'Right to Farm' Vote Divides Oklahoma Along Geographic Lines

November 14, 2016 07:34 AM
Oklahoma was geographically divided on a "Right to Farm" vote for State Question 777.

State Question 777, the failed ballot measure on embedding rights to farmers and ranchers in the state constitution, divided Oklahoma along geographic lines.

County-by-county results show the measure had strong support in western Oklahoma, a stronghold for cattle ranching and pork production.

However, large portions of eastern Oklahoma and urban areas voted State Question 777 down.

SQ 777 ultimately failed with 568,891 or 39.7 percent voting in favor of the measure, and 863,752 or 60.3 percent opposed, The Oklahoman reports.

The Oklahoma Panhandle voted solidly in favor of the measure. Texas County voted 78 percent in favor. The Texas County economy is buttressed by pork production. Guymon is home to the large Seaboard Foods pork production plant, which processes about 5.5 million market hogs a year, according to the company's website.

Large numbers of voters came out against the measure in both the Tulsa and Oklahoma City metropolitan areas. In Oklahoma County, 69 percent opposed the measure.

Monte Tucker, a fourth-generation farmer and rancher in Sweetwater, said he believes urban voters did not fully understand the issue. He and other farmers who supported the measure fear animal welfare and environmental groups will push legislation in the state regulating everything from the size of chicken cages to methane emissions from cows.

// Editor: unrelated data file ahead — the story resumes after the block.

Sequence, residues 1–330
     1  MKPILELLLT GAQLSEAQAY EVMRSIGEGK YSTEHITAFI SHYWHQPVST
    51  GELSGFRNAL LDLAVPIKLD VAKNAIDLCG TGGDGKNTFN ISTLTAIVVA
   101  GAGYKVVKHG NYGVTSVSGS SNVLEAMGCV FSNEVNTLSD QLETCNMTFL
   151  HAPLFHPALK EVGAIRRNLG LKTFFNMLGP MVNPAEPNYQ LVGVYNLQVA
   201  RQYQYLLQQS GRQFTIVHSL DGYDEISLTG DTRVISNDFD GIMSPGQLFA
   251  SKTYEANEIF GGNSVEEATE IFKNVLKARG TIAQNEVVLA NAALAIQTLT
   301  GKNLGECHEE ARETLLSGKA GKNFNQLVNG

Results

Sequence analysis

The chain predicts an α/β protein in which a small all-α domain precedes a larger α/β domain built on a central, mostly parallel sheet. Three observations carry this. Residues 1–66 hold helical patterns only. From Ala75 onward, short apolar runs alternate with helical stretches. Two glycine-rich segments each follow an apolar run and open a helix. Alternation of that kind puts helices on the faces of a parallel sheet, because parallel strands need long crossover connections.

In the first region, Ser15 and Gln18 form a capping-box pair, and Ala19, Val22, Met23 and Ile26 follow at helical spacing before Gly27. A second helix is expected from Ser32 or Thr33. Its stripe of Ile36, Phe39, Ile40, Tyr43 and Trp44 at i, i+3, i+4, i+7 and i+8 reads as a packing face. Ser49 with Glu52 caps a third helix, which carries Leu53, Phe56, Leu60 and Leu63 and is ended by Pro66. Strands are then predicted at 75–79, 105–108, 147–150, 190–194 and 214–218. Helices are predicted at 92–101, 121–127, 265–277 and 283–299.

Tucker also sits on the board of directors for the Oklahoma Farm Bureau, a major proponent of SQ 777.

"We've got to do a better job of reaching our urban consumers," Tucker said. "They are totally disconnected from what and where and how their food is produced."

Western Oklahoma also was insulated from the numerous television ads that SQ 777 opposition groups purchased in the Tulsa and Oklahoma City markets in the weeks running up to the election, Tucker said.

Much of the eastern half of the state voted against the measure, including the poultry producing areas like McCurtain County in far southeast Oklahoma.

Former Oklahoma Attorney General Drew Edmondson believes voters in the eastern part of the state were swayed to vote against SQ 777 over water pollution issues.

Edmondson leads the Oklahoma Stewardship Council, the coalition opposition group to SQ 777.

"Our rural vote was mostly in northeast Oklahoma and southeast Oklahoma," Edmondson said. "Western Oklahoma is probably far more interested in obtaining water than worrying about the quality of water they have."

Tom Buchanan, president of the Oklahoma Farm Bureau, said opposition groups played on urban voters fears in television and social media campaigns to secure votes. "Those metro areas really bought into that opposition story based on fearmongering and falsehoods," he said.

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